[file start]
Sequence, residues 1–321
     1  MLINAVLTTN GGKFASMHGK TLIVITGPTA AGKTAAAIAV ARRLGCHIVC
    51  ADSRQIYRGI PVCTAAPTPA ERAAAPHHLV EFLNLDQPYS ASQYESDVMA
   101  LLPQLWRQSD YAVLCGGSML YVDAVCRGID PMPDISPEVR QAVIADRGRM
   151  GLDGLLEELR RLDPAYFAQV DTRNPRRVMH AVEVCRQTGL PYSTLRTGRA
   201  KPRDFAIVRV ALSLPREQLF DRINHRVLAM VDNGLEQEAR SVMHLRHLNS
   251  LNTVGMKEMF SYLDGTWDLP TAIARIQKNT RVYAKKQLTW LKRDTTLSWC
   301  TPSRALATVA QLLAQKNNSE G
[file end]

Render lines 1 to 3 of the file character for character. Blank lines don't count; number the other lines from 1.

Sequence, residues 1–321
     1  MLINAVLTTN GGKFASMHGK TLIVITGPTA AGKTAAAIAV ARRLGCHIVC
    51  ADSRQIYRGI PVCTAAPTPA ERAAAPHHLV EFLNLDQPYS ASQYESDVMA